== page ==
Chinese President Xi Jinping visits the Academy of Military Medical Sciences in Beijing. Photo: Xinhua/Ju Peng via Getty Images

China will temporarily suspend entry for foreign nationals with visas or residence permits beginning at midnight on March 28 in an effort to stop the spread of the coronavirus, the Ministry of Foreign Affairs announced Thursday.

Why it matters: It's a sign that China, where the coronavirus outbreak originated, is seeking to curb the number of imported cases in order to stop its epidemic from flaring up again. Diplomatic visas will not be affected.

What they're saying:

"The suspension is a temporary measure that China is compelled to take in light of the outbreak situation and the practices of other countries. China will stay in close touch with all sides and properly handle personnel exchanges with the rest of the world under the special circumstances. The above-mentioned measures will be calibrated in light of the evolving situation and announced accordingly."
— Ministry of Foreign Affairs

The big picture: Chinese authorities introduced unprecedented measures in January in an effort to contain the coronavirus, including suspending all travel in and out of all cities in Hubei province like Wuhan — where the virus was first discovered — and preventing the province's 59 million people from leaving home.

  • On March 19, health officials reported no new coronavirus cases in a 24-hour period for the first time since the outbreak began.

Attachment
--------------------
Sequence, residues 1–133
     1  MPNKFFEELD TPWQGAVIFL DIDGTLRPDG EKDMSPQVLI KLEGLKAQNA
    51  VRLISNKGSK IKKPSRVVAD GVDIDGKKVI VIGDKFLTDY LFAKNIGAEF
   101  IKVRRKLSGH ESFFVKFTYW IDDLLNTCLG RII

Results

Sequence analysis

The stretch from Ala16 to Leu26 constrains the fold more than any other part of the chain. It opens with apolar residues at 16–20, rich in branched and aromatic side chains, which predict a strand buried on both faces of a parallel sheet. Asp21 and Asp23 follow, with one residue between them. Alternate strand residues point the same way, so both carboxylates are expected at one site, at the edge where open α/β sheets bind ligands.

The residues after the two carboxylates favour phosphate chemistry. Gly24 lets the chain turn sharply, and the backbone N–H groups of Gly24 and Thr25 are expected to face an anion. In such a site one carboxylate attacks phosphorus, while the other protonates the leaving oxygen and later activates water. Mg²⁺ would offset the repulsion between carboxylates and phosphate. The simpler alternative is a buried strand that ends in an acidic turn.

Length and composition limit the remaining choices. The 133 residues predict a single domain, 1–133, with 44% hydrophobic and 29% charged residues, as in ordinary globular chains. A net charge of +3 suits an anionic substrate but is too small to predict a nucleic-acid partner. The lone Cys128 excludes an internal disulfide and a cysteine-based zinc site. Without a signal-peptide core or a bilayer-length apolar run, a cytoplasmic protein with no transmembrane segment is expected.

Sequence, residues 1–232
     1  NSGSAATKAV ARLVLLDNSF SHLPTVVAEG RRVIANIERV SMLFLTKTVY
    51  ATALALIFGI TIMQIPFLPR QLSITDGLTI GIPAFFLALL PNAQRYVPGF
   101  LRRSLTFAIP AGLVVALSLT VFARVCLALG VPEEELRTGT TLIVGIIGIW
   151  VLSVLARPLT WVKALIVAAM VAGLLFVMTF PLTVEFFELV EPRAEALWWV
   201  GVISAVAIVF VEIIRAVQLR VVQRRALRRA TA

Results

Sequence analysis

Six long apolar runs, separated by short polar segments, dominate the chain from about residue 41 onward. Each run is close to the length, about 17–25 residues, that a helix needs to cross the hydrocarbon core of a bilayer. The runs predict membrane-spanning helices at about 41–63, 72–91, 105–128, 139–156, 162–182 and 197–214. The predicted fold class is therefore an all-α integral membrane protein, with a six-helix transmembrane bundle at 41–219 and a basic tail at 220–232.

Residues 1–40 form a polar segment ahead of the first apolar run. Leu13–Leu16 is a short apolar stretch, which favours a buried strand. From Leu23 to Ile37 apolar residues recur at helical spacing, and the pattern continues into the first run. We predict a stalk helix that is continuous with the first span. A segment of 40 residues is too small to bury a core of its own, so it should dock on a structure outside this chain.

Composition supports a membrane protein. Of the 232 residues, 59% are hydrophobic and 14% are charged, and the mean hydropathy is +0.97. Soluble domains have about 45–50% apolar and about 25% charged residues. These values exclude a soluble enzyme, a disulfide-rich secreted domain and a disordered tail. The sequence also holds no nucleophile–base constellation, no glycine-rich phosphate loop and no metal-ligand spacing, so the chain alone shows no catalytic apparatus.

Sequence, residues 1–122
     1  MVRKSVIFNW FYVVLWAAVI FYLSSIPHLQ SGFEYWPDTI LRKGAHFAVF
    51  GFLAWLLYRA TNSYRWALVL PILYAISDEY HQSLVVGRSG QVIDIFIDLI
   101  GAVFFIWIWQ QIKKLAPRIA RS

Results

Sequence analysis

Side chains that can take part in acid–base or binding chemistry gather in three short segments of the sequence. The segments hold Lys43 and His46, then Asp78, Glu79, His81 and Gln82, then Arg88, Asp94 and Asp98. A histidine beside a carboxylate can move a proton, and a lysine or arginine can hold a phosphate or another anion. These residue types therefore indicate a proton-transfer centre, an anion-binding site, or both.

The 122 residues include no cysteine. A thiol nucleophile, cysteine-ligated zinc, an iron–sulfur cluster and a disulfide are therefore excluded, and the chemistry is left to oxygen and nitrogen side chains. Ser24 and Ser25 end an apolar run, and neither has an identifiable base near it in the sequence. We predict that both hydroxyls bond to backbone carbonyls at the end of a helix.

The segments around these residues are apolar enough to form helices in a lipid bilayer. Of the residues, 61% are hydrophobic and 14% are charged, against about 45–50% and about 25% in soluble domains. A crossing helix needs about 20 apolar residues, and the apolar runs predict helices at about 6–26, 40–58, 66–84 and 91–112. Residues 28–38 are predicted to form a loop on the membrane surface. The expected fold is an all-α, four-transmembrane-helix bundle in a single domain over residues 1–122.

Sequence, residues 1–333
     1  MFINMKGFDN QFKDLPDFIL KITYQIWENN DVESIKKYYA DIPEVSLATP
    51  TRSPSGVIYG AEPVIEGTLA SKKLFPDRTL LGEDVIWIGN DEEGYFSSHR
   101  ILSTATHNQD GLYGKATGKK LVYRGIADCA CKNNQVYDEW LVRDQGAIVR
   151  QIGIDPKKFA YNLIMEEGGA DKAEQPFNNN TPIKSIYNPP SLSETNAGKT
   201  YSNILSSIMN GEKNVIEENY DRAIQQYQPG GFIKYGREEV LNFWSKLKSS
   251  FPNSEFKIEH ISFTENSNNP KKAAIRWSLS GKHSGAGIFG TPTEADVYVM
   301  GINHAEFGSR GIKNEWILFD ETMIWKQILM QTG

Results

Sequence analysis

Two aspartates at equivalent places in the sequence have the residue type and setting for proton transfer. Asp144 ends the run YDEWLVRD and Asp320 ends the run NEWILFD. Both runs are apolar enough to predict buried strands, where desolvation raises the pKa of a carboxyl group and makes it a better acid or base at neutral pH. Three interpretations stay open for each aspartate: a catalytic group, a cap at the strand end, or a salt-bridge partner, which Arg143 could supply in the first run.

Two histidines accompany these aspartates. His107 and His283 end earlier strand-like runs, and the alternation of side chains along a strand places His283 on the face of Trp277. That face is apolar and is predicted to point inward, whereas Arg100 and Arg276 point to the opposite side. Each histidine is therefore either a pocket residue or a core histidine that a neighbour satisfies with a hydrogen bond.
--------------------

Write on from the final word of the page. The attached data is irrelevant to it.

Go deeper ... Timeline: The early days of China's coronavirus outbreak and cover-up

Go deeper

The new buyout barons

Illustration: Eniola Odetunde/Axios

Last month I wrote that SPACs are the new IPOs. But I may have understated it, because SPACs are also becoming the new private equity.

By the numbers: Short for "special purpose acquisition company," SPACs have raised $24 billion so far in 2020, with a loaded pipeline of upcoming offerings. U.S. buyout firms raised nearly $102 billion through the end of June — a much larger amount, but not so much larger that the two can't play on the same field.

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French President Emmanuel Macron walked through the blast-damaged streets of Beirut on Thursday, swarmed by people chanting for the fall of Lebanon's government and pleading for international aid.

Why it matters: Lebanon is at a breaking point. Its economy was collapsing and its government hardly functioning — all before a massive explosion destroyed swathes of the capital city, including its vital port.

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Photo: Gary Kellner/PGA of America via Getty Images

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Why it matters: It's the first major in more than a year — and the first of seven majors in the next 12 months. Though there won't be any fans in attendance, the excitement is palpable.